Friday, June 25, 2010

Loving the Psalms

At my previous campus, the Gideons visited on a day in September. One day I chatted with one fellow as he and his buddy distributed little green Bibles containing the New Testament, Psalms, and Proverbs. I had a cup of coffee in hand and we joked that they could witness better if I’d buy them some coffee, too.

I don’t like the thought of abbreviated Bibles, but on the other hand, if you’d distribute any other 2000-page book to a passerby and say, “You should read this, it will help you,” he or she would probably say, “Um, yeah, right.” Or, the 2000-page book would be cheerfully accepted and placed unread upon the shelves. The “little green Bibles,” as I call them, concede to the reading habits of many of us: we love the New Testament and the Psalms. (For my reading habits, I need larger print, but that’s another issue …)

Many of us do, indeed, turn frequently to the psalms. Think of times of your life when you needed the psalms: 77 or 143 for confidence, 23 and 121 for peace, 150 for joy. Read Psalm 3 or 46 when you’re afraid, 38 when you feel tempted, 109 when you need vindication, 34 when you have sorrow, and 142 when you’re overwhelmed. Psalm 25 (one of my “yellow” scriptures) is a good all-around prayer. Psalm 19 and 104 are wonderful praises for the natural world. Psalm 88 is for someone close to death, 130 for someone deeply burdened, 90 for someone in “existential” anxiety, 40 for a person thankful for deliverance, and … many more! Recently a friend quoted Psalm 55:6 for her father’s obituary notice. Psalm 51 is a classic of bitter regret for sin:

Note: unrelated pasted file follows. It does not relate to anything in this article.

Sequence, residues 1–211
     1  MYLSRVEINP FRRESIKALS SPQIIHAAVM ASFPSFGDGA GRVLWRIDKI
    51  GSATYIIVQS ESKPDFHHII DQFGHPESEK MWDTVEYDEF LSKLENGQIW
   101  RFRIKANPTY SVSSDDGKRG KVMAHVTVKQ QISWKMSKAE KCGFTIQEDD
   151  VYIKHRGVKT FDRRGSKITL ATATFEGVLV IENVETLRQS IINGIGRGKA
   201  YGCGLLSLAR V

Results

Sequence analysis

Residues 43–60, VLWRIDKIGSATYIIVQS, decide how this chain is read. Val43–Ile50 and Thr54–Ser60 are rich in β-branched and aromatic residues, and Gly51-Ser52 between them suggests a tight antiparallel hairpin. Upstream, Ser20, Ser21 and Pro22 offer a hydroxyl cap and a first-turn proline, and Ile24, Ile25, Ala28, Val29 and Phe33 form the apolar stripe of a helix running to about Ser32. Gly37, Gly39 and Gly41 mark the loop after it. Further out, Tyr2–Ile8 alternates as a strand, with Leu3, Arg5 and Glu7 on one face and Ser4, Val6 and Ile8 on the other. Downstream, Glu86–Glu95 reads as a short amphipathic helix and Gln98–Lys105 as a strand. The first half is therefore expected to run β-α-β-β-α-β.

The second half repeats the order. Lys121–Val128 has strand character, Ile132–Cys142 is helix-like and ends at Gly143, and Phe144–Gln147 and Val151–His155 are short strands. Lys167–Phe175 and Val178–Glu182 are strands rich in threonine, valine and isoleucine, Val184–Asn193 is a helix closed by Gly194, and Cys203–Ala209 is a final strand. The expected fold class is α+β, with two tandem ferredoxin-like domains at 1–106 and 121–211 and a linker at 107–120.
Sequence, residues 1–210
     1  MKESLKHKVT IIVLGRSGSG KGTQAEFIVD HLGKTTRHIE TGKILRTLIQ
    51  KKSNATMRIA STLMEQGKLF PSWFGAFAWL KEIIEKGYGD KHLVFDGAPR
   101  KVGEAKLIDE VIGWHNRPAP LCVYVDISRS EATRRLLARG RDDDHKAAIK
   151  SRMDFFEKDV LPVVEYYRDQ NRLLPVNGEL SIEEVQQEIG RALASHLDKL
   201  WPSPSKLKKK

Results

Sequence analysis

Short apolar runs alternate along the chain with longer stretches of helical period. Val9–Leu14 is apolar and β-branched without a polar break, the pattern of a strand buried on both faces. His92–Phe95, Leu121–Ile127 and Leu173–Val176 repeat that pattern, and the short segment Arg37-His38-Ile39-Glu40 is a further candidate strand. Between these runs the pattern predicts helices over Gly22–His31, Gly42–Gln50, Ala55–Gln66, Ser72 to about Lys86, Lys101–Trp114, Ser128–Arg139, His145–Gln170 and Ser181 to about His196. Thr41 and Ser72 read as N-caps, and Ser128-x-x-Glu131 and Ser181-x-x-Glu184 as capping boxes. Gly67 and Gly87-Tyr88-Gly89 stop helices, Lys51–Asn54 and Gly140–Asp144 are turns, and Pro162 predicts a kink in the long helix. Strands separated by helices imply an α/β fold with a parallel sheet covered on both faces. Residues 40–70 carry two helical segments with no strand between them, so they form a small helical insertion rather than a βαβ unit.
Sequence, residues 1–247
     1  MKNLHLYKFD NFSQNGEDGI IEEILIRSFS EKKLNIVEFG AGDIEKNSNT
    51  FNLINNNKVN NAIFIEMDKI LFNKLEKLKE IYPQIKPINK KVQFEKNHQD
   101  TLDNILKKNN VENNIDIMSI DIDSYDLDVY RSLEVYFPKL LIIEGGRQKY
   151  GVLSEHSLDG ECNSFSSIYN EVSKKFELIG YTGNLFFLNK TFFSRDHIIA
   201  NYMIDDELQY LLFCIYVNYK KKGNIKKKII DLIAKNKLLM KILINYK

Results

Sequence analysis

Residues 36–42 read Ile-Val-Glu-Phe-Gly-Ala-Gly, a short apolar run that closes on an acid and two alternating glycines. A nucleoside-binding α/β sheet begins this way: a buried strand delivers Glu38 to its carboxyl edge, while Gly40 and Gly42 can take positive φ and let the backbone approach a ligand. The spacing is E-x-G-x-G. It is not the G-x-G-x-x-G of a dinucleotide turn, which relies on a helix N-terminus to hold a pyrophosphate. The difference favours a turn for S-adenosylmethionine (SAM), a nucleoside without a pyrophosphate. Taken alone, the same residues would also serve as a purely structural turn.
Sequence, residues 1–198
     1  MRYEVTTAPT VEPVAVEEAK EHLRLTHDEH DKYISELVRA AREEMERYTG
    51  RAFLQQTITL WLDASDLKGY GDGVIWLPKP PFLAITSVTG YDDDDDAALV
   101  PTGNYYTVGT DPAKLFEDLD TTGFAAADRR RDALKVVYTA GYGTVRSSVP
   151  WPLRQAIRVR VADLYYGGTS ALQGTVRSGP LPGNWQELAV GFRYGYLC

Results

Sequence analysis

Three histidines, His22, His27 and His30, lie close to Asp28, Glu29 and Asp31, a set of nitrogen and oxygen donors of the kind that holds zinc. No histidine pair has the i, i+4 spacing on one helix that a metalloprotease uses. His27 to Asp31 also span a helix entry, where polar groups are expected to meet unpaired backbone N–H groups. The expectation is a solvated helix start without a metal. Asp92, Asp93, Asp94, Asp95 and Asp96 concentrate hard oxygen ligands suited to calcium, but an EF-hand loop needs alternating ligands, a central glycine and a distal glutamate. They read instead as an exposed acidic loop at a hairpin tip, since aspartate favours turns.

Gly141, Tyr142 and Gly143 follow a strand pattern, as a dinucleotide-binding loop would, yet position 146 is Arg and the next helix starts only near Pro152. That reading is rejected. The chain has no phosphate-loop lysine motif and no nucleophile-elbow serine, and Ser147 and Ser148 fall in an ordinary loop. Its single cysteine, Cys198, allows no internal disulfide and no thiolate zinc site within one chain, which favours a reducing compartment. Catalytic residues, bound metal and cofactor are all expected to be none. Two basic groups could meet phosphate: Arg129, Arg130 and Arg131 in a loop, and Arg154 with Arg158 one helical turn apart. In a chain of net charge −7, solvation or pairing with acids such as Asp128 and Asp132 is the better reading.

Create in me a clean heart, O God,
and put a new and right spirit within me.
Do not cast me away from your presence,
and do not take your holy spirit from me.
Restore to me the joy of your salvation,
and sustain in me a willing spirit.
Then I will teach transgressors your ways,
and sinners will return to you. (vss. 10-13)

I wouldn’t want to say that you haven’t really experienced the amazing peace of forgiveness if you haven’t first felt in your heart the awful ache of sin—the sin that has hurt people, made a mess of things, and even made you afraid for your eternal destiny. I won’t want to make such an equation. Nor would I, for obvious reasons, recommend sin as a prelude for a relationship to God (Romans 6:1-2). But Psalm 51 is a wonderful assurance when you’ve stumbled. (Sometimes we stumble publicly, as did David, sometimes our failures are comparatively private but our consciences dog us.) What the psalm may lacks, though, is a very strong assurance of God’s forgiveness, which, after all, hard to see if you’re troubled.